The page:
ALASTAIR Lynch retired almost 10 years ago, and football has since undergone a tectonic shift.
Obviously one change: visible tattoos.
‘‘ There weren’t many at all. I don’t think anyone in our team had the tatts that were on the arms . . . there were a few premiership tattoos on the back and tucked under socks but no, it’s a very different look these days,’’ Lynch says.
And there also appears to be more drugs now. In 1998, Lynch was investigated after a drug he’d been prescribed, DHEA, was banned.
‘‘ My situation, I was getting treated for a medical condition and I advised the AFL that my medication had been put on the banned list so I went through all the correct protocols and made sure I ticked all the boxes so I don’t think I was ever in any trouble at all.’’
He says drugs are a serious problem, but frustrating for commentators because of the lack of publicly available facts.
‘‘ The players have got a responsibility to make sure they do the right thing, but the reality is they rely heavily on advice from others and the buck stops with the doctor.’’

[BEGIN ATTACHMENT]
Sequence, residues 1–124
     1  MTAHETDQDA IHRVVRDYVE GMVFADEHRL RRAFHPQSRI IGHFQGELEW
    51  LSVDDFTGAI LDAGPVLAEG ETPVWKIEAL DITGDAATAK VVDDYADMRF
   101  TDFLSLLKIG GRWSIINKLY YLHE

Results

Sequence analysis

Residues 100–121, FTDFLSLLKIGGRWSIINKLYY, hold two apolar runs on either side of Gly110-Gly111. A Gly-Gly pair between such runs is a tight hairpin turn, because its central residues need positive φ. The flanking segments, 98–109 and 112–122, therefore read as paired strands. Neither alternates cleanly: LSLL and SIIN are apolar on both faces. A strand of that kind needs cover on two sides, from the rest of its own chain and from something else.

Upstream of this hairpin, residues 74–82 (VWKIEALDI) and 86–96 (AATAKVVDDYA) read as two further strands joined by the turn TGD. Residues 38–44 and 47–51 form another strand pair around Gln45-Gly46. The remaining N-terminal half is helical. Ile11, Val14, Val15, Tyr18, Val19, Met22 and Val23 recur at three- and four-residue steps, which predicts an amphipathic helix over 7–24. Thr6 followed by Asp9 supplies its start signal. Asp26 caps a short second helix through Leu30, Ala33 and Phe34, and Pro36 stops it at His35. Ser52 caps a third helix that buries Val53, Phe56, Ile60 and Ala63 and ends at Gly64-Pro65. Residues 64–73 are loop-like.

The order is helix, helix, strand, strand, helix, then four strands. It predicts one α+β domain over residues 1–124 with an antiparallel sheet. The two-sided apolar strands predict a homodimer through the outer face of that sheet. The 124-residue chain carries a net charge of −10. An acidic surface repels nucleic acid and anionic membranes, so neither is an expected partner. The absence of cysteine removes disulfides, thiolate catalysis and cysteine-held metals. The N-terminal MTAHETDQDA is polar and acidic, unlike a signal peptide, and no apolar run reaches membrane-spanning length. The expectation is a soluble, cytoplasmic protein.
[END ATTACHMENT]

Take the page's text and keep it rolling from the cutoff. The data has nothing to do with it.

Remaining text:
But the buck doesn’t stop with the doctor, it stops with the player.
‘‘ That’s right. The buck stops with the player. But part of that process is the player actually goes to the club doctor and relies heavily on the club doctor’s information.’’
So the doctor is going to have to have their phone on at 2am during the off-season? ‘‘ Oh, absolutely.’’ Lynch says if a pharmaceut- icals company was to sponsor a jumper, he’d be comfortable with it. How is he with betting agencies sponsoring teams?
‘‘ Well, that’s the thing, again these grey areas,’’ he says. ‘‘ The AFL and, therefore, the AFL players do receive a lot of money from gambling organisations. And they certainly reap great rewards from our sport. In the media as well, we’ve got sponsorship from a sports bet organisation. So I think that’s fine.’’
Lynch was unaware of the recent allegation made by Channel 7’s Brian Taylor about Majak Daw — that his name is in fact pronounced ‘‘ Dow’’ and he’s just too shy to correct everyone. After the Bounce, Fox Footy, Sunday, 7.30pm
Drugs, tattoos, betting: Alastair Lynch says footy has changed a lot in 10 years.